Analysis Of The Judges Wife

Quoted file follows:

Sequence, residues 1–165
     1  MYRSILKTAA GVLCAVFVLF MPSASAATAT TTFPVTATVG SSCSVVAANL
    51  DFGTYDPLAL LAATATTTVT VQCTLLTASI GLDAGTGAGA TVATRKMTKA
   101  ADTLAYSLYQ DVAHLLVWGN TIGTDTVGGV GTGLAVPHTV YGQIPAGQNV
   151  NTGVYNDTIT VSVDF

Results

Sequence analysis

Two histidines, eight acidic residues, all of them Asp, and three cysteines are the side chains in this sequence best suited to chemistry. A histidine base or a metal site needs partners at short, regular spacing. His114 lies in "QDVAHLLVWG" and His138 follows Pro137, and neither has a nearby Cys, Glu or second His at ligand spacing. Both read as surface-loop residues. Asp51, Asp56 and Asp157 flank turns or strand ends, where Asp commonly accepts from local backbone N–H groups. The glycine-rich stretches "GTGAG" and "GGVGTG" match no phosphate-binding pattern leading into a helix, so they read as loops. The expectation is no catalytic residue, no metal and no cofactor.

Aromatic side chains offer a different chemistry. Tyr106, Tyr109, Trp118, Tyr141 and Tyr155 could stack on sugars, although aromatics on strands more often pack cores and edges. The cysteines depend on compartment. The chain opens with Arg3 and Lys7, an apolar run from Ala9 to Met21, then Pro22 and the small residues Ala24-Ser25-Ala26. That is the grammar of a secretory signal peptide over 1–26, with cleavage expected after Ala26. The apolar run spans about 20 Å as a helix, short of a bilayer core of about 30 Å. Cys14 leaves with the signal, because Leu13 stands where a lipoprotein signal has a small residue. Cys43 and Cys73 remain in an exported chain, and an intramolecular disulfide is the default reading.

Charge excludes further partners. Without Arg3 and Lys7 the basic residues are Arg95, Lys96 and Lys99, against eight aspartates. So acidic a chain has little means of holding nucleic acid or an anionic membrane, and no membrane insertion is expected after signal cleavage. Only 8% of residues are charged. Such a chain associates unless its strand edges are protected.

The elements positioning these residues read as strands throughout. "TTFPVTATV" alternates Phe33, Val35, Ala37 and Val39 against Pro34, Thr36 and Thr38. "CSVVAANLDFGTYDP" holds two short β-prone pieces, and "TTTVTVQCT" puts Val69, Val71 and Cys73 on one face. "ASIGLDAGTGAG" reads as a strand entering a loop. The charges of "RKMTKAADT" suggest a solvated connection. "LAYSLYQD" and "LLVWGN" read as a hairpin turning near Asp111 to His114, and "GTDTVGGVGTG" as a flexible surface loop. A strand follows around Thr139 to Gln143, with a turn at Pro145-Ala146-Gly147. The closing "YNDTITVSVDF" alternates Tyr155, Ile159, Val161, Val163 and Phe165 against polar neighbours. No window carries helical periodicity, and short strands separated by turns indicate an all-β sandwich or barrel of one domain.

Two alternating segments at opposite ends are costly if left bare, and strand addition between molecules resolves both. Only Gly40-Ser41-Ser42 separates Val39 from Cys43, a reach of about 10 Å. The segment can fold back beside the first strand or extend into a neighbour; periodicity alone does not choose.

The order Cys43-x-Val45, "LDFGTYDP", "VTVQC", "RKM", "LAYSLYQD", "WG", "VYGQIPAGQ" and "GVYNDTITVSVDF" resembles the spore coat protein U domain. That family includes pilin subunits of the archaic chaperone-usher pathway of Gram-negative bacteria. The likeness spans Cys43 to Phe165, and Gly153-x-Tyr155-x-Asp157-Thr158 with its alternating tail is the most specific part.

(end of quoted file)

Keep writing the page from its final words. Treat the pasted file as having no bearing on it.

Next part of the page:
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Upon reading “The Judge’s Wife,” a short story by Isabel Allende, attention comes to the reader that this is not a story to be predictable or unpredictable. Allende captures the readers’ interest by beginning her story with “Nicholas Vidal always knew he would lose his head over a woman” (Allende 370). Allende uses this blunt writing technique that, in the first paragraph, foretells the happening to which the story ends, yet somehow magically makes the reader question the ending as if the reader never knew. It is believable that this is a distraction method. Allende wants the reader to have the whole picture of the story in mind while focusing solely on the words the reader’s eyes follow. It is a commendable technique to which Allende executes quite flawlessly. Then again what is this technique that is so complex and simple at the same time? Well it will take a bit of explaining, but in the smallest description, this technique can be summarized and identified as imagery. From the author’s brain to the audience’s lap, Allende sculpts an incredible visualization to which this story belongs, and not for one second does someone read this and not imaginably see anything but what Allende intended for them. Throughout the story, Allende’s use of colorful words and expressive language to depict the setting and the characters is where she best presents her imagery and distinctive style of writing to the readers. Isabel Allende captivates the readers in her storytelling using creative details to paint a visual representation of her characters along with an unpredictable plot. Imagery is defined as the use of figurative language to represent objects, actions and ideas in such a way that it appeals to our physical senses. The author, Isabel A... ... middle of paper ... ... enticing. However, this short story could be explained in so much detail of Allende’s short universe to anybody, and that person would think it is a five hundred-page book. She uses imagery in simple forms by giving an intense dark feeling through just her words, and she uses imagery in complex forms by giving certain explanations through her whole paragraphs. Allende uses imagery through many different uses as a hook to the reader’s mouth. One could question if her work in “The Judge’s Wife” just an example of many and common, and we can just assume that the imagery is complex? Maybe we are just assuming that Allende did all of this on purpose. Nevertheless, maybe the truth is that any reading comes with imagery, and we interpret stories through our own imagination. Either way, her attempts and successes through this story we have here were obvious and enjoyable.
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